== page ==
Determining your location... | View access restrictions

About Access Restrictions to Electronic Resources

Access and use of electronic resources made available by the Becker Medical Library are governed by license agreements between the School of Medicine and publishers or third parties. Several of the electronic resources carry some restriction on their use. Access may be restricted by user location, number of concurrent users, and/or password.

In short, most people experience access limitations based on the network to which their computer is connected. Below is a quick breakdown of what can be accessed from various networks.

BJH (Limited to) SLCH (Limited to) Proxy (Remote Access) WUSM Off Campus
AccessMedicine
STAT!Ref
UpToDate Online
AccessMedicine
American Academy of Pediatrics Journals
Applied Clinical Informatics
Harriet Lane Handbook
Red Book Online
ScienceDirect
STAT!Ref
UpToDate Online
Unrestricted Access to All Becker Resources Unrestricted Access to All Becker Resources No Access without Proxy

Helen Keller's visit to the Central Institute for the Deaf

Helen Keller     Dr. Max Goldstein

                              Helen Keller                                                                   Dr. Max Goldstein

The Central Institute for the Deaf (CID) is celebrating its centennial this year with a number of events and festivities.  However, for the 25th anniversary of the founding of CID, a very special guest attended the celebration -- Helen Keller.  The Becker Library Archives is in possession of the speech she gave at this event, as well as a letter written by the famous deaf and blind author and political activist.  Both of these items can be found in the Max A. Goldstein Papers, who was the founder of the Central Institute, and a personal acquaintance of Helen Keller and her teachers Anne Sullivan and Polly Thomson.

The text of her October 7, 1939 speech at CID is transcribed below:

Dr. Goldstein and Friends,

A proud sense of gratification warms my heart as I stand before this responsive audience on the 25th anniversary of the Central Institute for the Deaf.  Not only do we celebrate its enthusiastic service to the handicapped, we also signalize its noble share in the growing triumph of the deaf in America.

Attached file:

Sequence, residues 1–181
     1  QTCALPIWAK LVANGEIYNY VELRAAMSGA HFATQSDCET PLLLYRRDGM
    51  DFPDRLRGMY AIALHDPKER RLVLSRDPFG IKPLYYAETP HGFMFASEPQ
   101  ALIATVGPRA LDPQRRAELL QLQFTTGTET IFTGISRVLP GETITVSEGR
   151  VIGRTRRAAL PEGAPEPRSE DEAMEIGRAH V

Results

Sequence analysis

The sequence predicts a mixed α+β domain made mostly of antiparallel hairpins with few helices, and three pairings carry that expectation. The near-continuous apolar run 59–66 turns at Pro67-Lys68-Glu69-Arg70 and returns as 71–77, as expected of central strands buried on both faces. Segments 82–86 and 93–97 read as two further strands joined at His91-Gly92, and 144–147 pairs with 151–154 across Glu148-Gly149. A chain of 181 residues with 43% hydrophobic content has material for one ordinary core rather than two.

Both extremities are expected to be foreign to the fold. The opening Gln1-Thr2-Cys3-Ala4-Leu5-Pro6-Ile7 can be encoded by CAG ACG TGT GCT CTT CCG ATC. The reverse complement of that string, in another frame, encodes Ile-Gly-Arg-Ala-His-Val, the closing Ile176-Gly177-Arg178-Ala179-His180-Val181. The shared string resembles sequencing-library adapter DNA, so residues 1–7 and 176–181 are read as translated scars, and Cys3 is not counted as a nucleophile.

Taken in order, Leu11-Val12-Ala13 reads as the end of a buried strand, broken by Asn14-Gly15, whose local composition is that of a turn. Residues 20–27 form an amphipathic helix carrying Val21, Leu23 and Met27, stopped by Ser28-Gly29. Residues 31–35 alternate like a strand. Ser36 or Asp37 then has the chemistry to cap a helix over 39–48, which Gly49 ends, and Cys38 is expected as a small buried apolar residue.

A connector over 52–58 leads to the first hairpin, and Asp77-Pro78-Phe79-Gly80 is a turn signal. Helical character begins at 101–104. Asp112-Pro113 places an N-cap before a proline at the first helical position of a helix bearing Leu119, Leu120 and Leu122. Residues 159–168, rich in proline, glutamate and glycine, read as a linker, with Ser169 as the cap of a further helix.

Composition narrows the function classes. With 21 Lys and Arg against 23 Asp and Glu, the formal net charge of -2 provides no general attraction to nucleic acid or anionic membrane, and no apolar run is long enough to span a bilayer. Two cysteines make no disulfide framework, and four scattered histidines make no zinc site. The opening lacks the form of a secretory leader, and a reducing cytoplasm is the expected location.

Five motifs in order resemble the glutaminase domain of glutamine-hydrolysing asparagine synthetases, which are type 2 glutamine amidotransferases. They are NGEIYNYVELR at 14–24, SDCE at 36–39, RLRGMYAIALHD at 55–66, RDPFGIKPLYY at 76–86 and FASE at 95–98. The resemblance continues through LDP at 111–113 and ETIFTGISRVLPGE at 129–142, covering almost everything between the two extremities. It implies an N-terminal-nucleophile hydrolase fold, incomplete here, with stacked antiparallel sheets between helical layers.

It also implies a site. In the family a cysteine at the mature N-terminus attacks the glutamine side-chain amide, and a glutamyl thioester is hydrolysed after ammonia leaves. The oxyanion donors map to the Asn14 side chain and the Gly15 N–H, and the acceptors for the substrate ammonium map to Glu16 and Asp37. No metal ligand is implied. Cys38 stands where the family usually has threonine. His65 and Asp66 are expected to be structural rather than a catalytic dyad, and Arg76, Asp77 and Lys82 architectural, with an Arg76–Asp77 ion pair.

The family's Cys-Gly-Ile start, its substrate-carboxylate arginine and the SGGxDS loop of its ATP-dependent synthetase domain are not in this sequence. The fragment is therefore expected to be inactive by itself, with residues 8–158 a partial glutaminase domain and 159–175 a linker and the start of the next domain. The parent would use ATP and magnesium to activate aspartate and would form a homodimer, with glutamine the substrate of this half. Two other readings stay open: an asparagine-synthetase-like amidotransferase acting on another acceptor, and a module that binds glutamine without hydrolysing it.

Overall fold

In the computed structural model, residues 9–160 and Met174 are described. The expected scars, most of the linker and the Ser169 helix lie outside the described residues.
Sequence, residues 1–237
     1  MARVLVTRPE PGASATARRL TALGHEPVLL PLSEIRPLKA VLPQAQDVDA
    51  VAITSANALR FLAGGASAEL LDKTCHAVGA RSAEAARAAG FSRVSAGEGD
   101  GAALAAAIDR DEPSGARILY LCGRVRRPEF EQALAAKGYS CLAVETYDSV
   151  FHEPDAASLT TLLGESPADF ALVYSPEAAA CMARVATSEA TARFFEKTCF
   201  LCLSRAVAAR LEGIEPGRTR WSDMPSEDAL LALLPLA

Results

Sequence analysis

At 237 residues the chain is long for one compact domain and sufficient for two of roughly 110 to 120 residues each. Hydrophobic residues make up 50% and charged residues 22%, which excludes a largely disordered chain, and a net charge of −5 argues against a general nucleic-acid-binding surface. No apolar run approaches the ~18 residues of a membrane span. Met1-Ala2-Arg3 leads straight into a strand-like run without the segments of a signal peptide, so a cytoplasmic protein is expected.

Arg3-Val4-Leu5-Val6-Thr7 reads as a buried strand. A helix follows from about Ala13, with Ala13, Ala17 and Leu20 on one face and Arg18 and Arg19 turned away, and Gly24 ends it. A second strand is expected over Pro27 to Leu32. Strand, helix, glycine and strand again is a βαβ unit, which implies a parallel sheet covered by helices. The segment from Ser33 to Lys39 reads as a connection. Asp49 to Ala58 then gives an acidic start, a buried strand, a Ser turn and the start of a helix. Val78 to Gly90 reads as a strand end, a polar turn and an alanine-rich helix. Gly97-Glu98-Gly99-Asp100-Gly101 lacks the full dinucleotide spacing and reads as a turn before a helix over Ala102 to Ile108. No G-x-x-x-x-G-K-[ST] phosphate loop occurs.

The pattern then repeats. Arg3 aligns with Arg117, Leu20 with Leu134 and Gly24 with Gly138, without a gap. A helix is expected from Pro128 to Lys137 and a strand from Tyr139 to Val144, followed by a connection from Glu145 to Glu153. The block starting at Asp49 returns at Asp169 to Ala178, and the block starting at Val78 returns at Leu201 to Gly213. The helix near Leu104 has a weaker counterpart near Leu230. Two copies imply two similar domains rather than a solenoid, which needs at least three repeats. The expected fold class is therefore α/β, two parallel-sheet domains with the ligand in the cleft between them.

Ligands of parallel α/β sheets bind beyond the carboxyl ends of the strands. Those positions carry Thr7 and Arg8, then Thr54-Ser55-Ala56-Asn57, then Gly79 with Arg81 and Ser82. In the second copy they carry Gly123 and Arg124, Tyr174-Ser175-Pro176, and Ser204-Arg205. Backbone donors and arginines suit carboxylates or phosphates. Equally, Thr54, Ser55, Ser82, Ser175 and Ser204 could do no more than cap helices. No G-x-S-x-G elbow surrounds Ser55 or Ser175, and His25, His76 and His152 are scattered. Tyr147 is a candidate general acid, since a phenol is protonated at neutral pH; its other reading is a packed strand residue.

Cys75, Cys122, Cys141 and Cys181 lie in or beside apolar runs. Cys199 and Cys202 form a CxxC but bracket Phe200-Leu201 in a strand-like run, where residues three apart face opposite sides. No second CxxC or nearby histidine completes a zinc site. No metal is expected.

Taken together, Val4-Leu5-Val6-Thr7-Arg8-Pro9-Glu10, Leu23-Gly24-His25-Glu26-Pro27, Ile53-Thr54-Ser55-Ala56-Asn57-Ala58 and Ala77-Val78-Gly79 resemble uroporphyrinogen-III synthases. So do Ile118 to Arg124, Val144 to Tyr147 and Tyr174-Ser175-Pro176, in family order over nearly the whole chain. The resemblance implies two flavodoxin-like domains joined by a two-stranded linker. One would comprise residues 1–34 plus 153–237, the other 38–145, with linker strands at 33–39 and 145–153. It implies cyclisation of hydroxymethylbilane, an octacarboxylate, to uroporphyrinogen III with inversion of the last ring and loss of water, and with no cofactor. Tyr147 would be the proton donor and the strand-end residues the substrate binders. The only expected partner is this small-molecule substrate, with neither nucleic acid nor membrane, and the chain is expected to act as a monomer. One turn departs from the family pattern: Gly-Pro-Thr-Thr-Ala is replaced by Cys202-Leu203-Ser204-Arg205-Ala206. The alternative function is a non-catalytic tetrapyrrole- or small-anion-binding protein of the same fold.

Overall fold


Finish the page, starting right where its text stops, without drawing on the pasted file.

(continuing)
The Central Institute is to be congratulated on the splendid work it has done, breaking down barriers in the way of deaf children and placing them socially on a level with those who hear.  That is one great need -- that people learn to be patient with the peculiar difficulties of the deaf and lend them a helping hand to overcome them.

The importance of giving the deaf child an early start in speech training cannot be overstressed.  Too often parents do not realize this, and consequently they seriously retard his development.  As soon as they learn of his impaired hearing, they should find ways to place him under instruction, no matter how young he is.  That is another vital lesson the Central Institute has striven to teach the public all these years.

It is also encouraging that another constructive movement has been started -- to establish tests of hearing for children in every public school and supplementary lip-reading for those who do not hear well.  That will mean that many a partially deaf child needs never lose the stimulus and joy of normal living.

Dear friends, you have foregathered with us on a day of glad memories and seen the harvest of patient labor.  I appeal to you and to the people of Missouri to cooperate with the Central Institute in breaking trails to a richer life for the deaf and safeguarding the right of others never to become deaf.  Then the gift of hearing you enjoy will be doubly precious because through you many dwellers in the Great Silence will be brightened, and increasingly take their place in the life and the heart of the worlds.

--Helen Keller

* Please note: Becker Briefs pages may contain links, email addresses or information about resources which are no longer current.